A Brief History
History, Democracy and Progress of the National Birmingham Roller Club
By: Touhoua (Tou) Yang
The purpose of this article is to address the history of the NBRC and the progress of its growth in the democratic process. There are some within the roller fancy that believe the NBRC is less democratic today than it was 10, 20, and even 30 years ago; that the NBRC is nothing more than a “good ole boys club” and that it is in dire need of change. I do agree that the NBRC can continue to improve and to better serve its members, which I believe is a never-ending process. With that said, we must also appreciate and applaud the continuing efforts of the NBRC to become a more democratic club; one that has continually grown and allowed its member more voice and power than ever before.
The NBRC was created as a vision by a group of friends who wanted a Birmingham Roller club that was dedicated to preserving and improving upon the Birmingham Roller as a flying breed, and a club that would not limit what type of roller or pigeon a man could keep in his own backyard. Men like J.L. Smith, Bill Pensom, and C.E. “Bus” Lutes took the helm when the NBRC was formed in 1961 along with friends such as Ralph Hilton, Russ Harter, Howard McCully, Stan Plona, John Spuria, Hans Roettenbacher who served as the board of directors for the club. Like any hobby and/or club in its fancy, it was made up of friends who chose one another to lead without a true voting process. Much like history has shown, democracy almost always starts with a small movement, where a select group of men choose to rise up and create something they are passionate about. They were just men who, at the time, believed in one another, and believed that together they had what it took to take this new club to heights unseen in the roller hobby in order to preserve and promote the performance aspects of the Birmingham Roller. The process of democracy was non-existent in the NBRC at this time because these men, necessarily, held all the power and made the decisions as to what was best for the organization. Checks and balances did not exist and members did not have a say in the terms of direction of the club, leadership of the club, nor the creation of by-laws.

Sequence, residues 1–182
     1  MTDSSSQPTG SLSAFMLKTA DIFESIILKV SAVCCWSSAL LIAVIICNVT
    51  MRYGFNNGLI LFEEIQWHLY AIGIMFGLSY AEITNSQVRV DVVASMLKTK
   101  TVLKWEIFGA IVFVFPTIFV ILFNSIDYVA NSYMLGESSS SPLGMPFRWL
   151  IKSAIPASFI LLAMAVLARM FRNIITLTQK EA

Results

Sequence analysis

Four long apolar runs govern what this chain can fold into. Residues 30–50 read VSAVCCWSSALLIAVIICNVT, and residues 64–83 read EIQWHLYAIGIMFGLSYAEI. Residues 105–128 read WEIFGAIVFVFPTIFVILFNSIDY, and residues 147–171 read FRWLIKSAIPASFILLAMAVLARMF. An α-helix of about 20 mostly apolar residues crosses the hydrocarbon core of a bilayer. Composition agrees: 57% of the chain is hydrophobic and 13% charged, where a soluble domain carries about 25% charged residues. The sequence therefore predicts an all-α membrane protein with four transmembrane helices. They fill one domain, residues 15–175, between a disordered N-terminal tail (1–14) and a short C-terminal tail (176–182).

The new club prospered under this format until the death of Bill Pensom in 1968. Shortly after, in the early 1970s, the NBRC was met with turmoil as the secretary-treasurer at the time, left the club taking along with him all its funds. This left the president, Dr. Gail Peterson, in a severe financial bind that resulted in a slow decline of the NBRC until it had all but folded. In the wake of the NBRC’s decline and imminent demise, there was another club that had been rising up to assume the helm as the largest roller club in the US and in the world; the IRA. The IRA held strong throughout the most of the 1970s and early 1980s in the absence of the NBRC. (Hardesty 1998)
It was not until the early 1980s that we saw the NBRC slowly rise from the ashes. Again, the vision to rebuild this club fell on the backs of a few men; Charlie Albaugh, George Valiska, and Carl Hardesty in particular. Albaugh wanted to see the NBRC be a prominent club again, and with $900 of his own money, fronted the NBRC back into action, money for which he never asked to be compensated, nor did he ever receive.(Hardesty 1998) The money was given to Valiska to get the club up and running again. Valiska would serve as the Secretary-Treasurer, as well as the bulletin editor, during his time with the NBRC. Being a school teacher, he was able to use his resources to print all of the bulletins at the school where he worked. Valiska called and talked with Hardesty and together, they worked hand-in-hand throughout the early to late 1980s to build a membership that grew from 36 to over 1000 members. One of the key reasons for this growth was Hardesty’s position as the publicity director for the NBRC, which he used to promote the club in his writings for the American Pigeon Journal, the APJ, in the 1980s (Hardesty 1998).
Hardesty led the charge of re-writing many of the NBRC by-laws single-handedly. Much like the NBRC during the 1960s, democracy was neither a viable option, nor was it seriously considered as Hardesty believed he knew what he needed to do in order to get the club up and running. Hardesty would prove that he was more than capable of running the show with Valiska. One of the key changes he made was his commitment that the NBRC would be a “fly only” club. Hardesty also made changes to the by-laws regarding the leadership of the club. One of those key changes was that the President would not be elected. Instead, the Board of Directors (Regional Directors) would “vote” for the Vice-President knowing that the Vice-President would eventually serve as President of the club (Hardesty 1998). The word “vote” was put in quotation marks because a true voting process was still absent in the NBRC as those at the helm, Hardesty and Valiska, still made most of the decisions themselves. A voting committee to oversee the ballots and votes did not exist then, as it does today.